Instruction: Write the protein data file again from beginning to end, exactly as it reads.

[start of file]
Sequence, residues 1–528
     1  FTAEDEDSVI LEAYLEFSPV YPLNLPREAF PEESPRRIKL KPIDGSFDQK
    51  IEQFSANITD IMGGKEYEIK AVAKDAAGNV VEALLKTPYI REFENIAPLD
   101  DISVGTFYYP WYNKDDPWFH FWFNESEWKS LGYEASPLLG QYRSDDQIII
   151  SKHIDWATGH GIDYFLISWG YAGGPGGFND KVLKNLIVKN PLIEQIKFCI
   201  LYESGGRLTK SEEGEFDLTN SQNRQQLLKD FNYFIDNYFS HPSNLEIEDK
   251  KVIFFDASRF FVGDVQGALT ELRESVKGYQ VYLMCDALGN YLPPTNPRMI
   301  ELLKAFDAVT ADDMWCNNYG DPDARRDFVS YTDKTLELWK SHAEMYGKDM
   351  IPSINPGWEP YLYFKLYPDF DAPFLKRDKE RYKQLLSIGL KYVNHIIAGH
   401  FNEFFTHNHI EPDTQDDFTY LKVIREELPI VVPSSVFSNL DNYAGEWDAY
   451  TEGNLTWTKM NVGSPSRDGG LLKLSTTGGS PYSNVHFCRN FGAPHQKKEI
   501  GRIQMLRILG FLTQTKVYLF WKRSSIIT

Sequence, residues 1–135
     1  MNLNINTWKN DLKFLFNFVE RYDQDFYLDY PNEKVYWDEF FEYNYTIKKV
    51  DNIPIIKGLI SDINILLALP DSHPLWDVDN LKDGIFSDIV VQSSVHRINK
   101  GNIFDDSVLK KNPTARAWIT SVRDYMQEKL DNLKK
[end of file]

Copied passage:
Sequence, residues 1–528
     1  FTAEDEDSVI LEAYLEFSPV YPLNLPREAF PEESPRRIKL KPIDGSFDQK
    51  IEQFSANITD IMGGKEYEIK AVAKDAAGNV VEALLKTPYI REFENIAPLD
   101  DISVGTFYYP WYNKDDPWFH FWFNESEWKS LGYEASPLLG QYRSDDQIII
   151  SKHIDWATGH GIDYFLISWG YAGGPGGFND KVLKNLIVKN PLIEQIKFCI
   201  LYESGGRLTK SEEGEFDLTN SQNRQQLLKD FNYFIDNYFS HPSNLEIEDK
   251  KVIFFDASRF FVGDVQGALT ELRESVKGYQ VYLMCDALGN YLPPTNPRMI
   301  ELLKAFDAVT ADDMWCNNYG DPDARRDFVS YTDKTLELWK SHAEMYGKDM
   351  IPSINPGWEP YLYFKLYPDF DAPFLKRDKE RYKQLLSIGL KYVNHIIAGH
   401  FNEFFTHNHI EPDTQDDFTY LKVIREELPI VVPSSVFSNL DNYAGEWDAY
   451  TEGNLTWTKM NVGSPSRDGG LLKLSTTGGS PYSNVHFCRN FGAPHQKKEI
   501  GRIQMLRILG FLTQTKVYLF WKRSSIIT

Sequence, residues 1–135
     1  MNLNINTWKN DLKFLFNFVE RYDQDFYLDY PNEKVYWDEF FEYNYTIKKV
    51  DNIPIIKGLI SDINILLALP DSHPLWDVDN LKDGIFSDIV VQSSVHRINK
   101  GNIFDDSVLK KNPTARAWIT SVRDYMQEKL DNLKK